Trenton Rotary digs in to green shoreline About 35 members of the club and other volunteers planted 370 native trees and shrubs and 240 wildflowers along a popular 2.5-km stretch of the Trent River.

(Left to right) Scott Bryk, Executive Director, Highway of Heroes Living Tribute; Wilf Wilkinson, Past President, Trenton Rotary; Jim Harrison, Quinte West Mayor and his wife Jane.
(Left to right) Scott Bryk, Executive Director, Highway of Heroes Living Tribute; Wilf Wilkinson, Past President, Trenton Rotary; Jim Harrison, Quinte West Mayor and his wife Jane.

Volunteers with the Rotary Club of Trenton (Ontario, Canada – D 7070) put spade to earth Sunday to help green the shoreline of the Trenton Greenbelt Conservation Area.

About 35 members of the club and other volunteers planted 370 native trees and shrubs and 240 wildflowers along a popular 2.5-kilometre stretch of the Trent River.

The project is funded by the province’s Great Lakes Guardian Community Fund, which provided $17,053 to purchase the trees and other ingredients.

“The public green space located at the mouth of the Trent River on the Bay of Quinte is in poor ecological health with many sections of the Conservation Area consisting of mowed lawn, invasive plants, and few native species, which makes for poor quality shoreline habitat,” Lower Trent Conservation states in a media release.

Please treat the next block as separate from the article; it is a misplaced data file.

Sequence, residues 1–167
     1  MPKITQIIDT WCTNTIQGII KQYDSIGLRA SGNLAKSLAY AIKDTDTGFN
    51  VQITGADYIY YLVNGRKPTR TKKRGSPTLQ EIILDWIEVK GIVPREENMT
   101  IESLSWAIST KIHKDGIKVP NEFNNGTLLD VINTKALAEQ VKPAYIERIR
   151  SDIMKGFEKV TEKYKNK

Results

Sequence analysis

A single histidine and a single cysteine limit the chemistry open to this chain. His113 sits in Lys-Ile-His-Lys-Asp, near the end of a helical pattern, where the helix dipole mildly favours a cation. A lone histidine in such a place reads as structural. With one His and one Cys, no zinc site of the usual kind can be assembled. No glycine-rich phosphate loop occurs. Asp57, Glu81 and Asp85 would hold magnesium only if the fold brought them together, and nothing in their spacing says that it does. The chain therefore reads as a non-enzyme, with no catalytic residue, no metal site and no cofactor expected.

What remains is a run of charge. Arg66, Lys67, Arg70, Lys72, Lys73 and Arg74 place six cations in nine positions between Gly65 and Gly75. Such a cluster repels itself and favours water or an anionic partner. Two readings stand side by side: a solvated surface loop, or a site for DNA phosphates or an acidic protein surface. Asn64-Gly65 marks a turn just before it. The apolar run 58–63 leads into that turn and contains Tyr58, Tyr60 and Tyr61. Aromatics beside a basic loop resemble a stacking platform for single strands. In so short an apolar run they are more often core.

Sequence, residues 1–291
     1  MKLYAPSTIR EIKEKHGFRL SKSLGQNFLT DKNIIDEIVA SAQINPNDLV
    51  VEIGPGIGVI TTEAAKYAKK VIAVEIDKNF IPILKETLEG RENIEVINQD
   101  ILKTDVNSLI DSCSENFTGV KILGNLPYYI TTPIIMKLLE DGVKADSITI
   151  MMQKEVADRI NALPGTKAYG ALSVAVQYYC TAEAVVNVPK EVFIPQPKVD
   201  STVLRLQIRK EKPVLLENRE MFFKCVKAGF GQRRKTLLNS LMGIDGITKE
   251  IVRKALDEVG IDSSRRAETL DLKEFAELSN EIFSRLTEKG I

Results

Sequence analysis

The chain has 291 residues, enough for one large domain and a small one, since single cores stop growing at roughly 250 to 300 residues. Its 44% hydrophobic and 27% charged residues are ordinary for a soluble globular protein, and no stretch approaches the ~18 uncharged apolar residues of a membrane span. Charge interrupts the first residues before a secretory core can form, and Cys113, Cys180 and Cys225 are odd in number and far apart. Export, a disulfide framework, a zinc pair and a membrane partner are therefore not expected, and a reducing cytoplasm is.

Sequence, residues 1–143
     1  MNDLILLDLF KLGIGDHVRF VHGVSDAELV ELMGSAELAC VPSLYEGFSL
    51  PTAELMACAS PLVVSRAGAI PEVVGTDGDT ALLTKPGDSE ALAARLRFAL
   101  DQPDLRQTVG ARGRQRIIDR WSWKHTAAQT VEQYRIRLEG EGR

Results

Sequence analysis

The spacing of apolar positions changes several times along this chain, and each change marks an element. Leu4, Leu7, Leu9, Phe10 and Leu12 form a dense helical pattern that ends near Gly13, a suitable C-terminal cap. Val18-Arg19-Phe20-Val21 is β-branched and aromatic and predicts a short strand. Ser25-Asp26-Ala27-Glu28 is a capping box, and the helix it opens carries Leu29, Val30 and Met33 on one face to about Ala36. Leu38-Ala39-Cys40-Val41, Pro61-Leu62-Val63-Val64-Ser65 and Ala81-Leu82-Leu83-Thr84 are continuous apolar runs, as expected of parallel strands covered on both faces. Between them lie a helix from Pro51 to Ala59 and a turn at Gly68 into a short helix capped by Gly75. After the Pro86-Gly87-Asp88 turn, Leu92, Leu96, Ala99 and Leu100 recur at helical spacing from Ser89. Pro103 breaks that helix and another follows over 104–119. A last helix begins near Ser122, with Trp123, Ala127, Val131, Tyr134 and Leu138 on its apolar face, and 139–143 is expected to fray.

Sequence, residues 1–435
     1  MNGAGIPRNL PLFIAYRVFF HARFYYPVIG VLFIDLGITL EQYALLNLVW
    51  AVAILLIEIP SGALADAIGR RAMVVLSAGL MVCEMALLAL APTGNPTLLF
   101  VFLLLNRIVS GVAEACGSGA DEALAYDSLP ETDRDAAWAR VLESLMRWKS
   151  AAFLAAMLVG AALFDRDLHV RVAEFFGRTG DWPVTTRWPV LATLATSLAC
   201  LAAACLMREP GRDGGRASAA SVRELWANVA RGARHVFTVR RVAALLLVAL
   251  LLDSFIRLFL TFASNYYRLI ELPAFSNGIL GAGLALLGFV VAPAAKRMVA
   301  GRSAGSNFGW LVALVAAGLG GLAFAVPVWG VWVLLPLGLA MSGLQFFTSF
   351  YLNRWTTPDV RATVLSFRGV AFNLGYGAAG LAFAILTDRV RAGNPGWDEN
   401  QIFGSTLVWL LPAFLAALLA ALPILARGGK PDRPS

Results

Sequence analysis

The hope is that the ‘Greening the Greenbelt’ project will boost biodiversity, enhance shoreline habitat, increase public enjoyment of the public green space, and help build a resilient natural area along a 300-metre section of the shoreline, they add.

Some of the Rotary volunteers assisted through the Highway of Heroes Living Tribute, a restoration project to plant 117,000 trees between Trenton and Toronto — one for each Canadian that has ever served in the Armed Forces.

Highway of Heroes partners, Vineland Research and Innovation Centre and Landscape Ontario, have provided Lower Trent Conservation with soil analysis and remediation advice to improve tree survival.

Last spring, Rotary Club members planted 250 native trees and shrubs.

Sunday’s work represented the completion of the restoration project.

Source: Global News

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